Combine the dry ingredients — cornmeal, sorghum flour, tapioca starch, xanthan gum, baking soda, baking powder, fine sea salt, and brown sugar — in a bowl and whisk until they are thoroughly combined. Set aside.
Whisk the eggs and olive oil together for about 1 minute. This is where the original recipe had me confused. I checked the comments and notes, and it seems like I’m the only person who can’t seem to figure it out. I don’t see where the warm water and juice is meant to be added. I choose to add it here, as I thought it might be lumpy if you tried to mix it in later. So, add the lime juice and the warm water. Mix to combine.
Add the dry bowl to the wet bowl in three or four portions, ensuring to mix thoroughly between each portion. You are looking for a smooth, cake-like batter; do not beat it past when it looks like cake batter. If your batter is too thick, add in a little extra warm water, bit by bit, until you get the consistency you want. Mine came out perfect without extra water.
Remove the skillet from the oven (carefully!) and sprinkle the coarse sea salt into it. The salt here is optional, but I love the complexity it gives a sweet cornbread. Pour the batter into the skillet, scraping the bowl with the spatula to make sure you have it all.
Bake for 25-30 minutes until a toothpick comes out clean. Definitely check on it at 25 minutes because mine did not need any longer. Let the cornbread cool for at least 15 minutes before cutting and serving (or turning it into stuffing).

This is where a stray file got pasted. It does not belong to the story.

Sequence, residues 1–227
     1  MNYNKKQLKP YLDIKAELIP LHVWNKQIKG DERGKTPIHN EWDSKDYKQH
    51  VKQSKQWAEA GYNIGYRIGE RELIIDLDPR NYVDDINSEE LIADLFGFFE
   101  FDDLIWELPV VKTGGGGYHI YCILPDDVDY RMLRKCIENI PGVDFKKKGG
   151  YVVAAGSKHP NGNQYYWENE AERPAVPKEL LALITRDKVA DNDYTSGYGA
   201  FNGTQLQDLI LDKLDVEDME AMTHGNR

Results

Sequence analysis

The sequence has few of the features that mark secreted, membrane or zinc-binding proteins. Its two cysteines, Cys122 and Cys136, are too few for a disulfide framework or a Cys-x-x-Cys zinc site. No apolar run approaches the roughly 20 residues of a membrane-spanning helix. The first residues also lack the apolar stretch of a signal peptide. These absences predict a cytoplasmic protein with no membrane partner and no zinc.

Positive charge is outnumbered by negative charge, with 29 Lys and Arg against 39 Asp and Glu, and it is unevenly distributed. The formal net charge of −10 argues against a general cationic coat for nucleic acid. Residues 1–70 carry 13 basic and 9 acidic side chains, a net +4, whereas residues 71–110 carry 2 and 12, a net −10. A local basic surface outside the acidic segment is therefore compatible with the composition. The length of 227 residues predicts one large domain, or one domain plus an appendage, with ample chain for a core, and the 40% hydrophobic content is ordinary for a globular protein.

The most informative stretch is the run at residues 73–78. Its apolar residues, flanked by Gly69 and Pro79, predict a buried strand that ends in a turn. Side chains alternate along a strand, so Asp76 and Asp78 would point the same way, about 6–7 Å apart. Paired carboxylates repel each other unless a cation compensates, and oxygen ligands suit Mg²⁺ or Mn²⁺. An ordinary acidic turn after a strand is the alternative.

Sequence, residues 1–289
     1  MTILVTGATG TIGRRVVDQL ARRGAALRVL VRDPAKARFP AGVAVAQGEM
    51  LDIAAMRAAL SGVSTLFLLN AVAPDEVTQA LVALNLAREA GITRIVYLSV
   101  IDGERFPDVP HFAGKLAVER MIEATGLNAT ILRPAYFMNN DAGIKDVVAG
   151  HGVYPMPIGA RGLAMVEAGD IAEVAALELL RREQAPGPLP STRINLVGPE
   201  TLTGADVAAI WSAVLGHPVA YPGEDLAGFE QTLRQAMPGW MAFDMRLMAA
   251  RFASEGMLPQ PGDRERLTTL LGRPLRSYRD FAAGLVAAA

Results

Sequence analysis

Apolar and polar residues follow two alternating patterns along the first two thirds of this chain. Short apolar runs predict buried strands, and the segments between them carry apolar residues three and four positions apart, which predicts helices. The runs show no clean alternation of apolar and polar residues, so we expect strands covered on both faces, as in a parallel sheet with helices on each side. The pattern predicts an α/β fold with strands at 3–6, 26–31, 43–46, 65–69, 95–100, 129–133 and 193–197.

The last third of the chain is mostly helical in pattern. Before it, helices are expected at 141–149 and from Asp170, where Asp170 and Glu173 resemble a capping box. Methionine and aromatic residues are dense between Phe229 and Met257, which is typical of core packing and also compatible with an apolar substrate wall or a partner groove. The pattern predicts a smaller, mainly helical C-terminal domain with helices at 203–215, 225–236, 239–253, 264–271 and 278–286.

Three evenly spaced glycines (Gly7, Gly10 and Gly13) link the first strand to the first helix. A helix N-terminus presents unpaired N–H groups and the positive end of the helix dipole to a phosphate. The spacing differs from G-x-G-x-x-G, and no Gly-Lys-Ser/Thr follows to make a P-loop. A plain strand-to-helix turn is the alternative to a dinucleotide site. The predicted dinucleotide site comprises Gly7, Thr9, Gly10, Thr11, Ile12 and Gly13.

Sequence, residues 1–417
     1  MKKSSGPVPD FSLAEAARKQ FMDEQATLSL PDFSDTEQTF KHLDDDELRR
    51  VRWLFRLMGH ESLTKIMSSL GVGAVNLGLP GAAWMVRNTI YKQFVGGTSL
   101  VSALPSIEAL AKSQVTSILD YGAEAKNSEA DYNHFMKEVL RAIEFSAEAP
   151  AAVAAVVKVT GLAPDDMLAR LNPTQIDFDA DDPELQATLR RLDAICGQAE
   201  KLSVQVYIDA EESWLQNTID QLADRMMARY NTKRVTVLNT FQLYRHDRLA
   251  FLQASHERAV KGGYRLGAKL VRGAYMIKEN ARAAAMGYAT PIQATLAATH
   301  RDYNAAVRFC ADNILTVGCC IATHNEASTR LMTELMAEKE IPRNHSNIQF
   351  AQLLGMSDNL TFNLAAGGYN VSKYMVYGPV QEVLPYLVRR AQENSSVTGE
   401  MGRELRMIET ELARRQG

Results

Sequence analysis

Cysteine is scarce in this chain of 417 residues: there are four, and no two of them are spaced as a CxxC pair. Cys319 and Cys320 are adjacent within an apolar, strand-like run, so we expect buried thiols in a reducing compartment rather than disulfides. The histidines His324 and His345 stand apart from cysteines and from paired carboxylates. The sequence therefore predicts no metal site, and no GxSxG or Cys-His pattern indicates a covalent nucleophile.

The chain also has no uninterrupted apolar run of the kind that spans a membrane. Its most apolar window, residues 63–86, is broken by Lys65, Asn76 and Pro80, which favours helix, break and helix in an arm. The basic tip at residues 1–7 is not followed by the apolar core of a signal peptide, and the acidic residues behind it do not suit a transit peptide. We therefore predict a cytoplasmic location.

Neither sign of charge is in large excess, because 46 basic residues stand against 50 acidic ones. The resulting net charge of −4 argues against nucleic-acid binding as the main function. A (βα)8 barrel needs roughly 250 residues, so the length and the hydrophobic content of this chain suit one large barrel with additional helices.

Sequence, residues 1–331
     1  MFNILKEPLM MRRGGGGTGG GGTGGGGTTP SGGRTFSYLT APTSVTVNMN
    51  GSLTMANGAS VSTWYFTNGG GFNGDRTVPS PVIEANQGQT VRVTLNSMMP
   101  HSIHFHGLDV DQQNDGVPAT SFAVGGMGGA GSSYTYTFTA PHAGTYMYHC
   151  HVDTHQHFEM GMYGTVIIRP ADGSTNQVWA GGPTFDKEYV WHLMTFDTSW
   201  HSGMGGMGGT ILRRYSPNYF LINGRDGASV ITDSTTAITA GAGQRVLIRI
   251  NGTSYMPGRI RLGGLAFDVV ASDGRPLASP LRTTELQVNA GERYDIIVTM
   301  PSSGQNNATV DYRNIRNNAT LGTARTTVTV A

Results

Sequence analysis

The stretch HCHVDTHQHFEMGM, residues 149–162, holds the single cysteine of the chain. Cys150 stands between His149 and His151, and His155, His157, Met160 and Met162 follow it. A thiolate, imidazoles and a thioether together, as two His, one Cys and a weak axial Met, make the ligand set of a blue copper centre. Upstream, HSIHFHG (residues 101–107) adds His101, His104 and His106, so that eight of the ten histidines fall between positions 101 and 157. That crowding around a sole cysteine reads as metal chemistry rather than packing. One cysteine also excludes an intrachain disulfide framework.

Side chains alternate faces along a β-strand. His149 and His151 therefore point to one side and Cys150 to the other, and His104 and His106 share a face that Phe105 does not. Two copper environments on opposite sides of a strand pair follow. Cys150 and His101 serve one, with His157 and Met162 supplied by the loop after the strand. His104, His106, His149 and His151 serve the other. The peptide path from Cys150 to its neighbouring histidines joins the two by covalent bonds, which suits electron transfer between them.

3 cups crumbled cornbread
6 slices gluten-free bread, toasted
6 slices bacon (I used 4 slices of turkey bacon [turkey bacon has bigger pieces because there is less fat])
1 cup chicken broth
1 cup onion, chopped
1 cup celery, chopped (I didn’t bother)
1/2 teaspoon salt
1/4 teaspoon black pepper
1/4 teaspoon sage
1/4 teaspoon thyme
1/4 teaspoon garlic powder
Casserole dish with lid that can go in oven
Measuring cups and spoons
Frying pan or skillet
Various kitchen utensils (fork, spatula, something to help with frying)
Preheat oven to 350°F/175°C.
Cut the toasted bread into small cubes. Set aside.
Fry the bacon until crispy and remove from the pan. If you are using veggie or turkey bacon, add some oil to the pan, as there is a lot less fat in them than pork bacon. Add the onion, celery, sage, and thyme to the pan and fry until the onion is tender and translucent. Remove from heat. Crumble cooled bacon back into the pan.
In the small bowl, beat the eggs with the fork. Add to the mixing bowl with the bacon and onions/celery and all seasonings — salt, black pepper, and garlic powder. Fold together with the fork. Add the cornbread crumbles and bread cubes and fold with the spatula. Try to ensure that all the dry parts are covered. Pour half of the chicken broth over the mixture and fold with the spatula. Assess how much more broth you need (I needed the whole cup) to completely moisten the mixture and add it in. Fold again.
Pour the mixture into the casserole dish (no need for greasing) and cover. Bake in oven for 30 minutes. Alternatively, it can be used to stuff a bird instead of baking. I’m not that adventurous yet.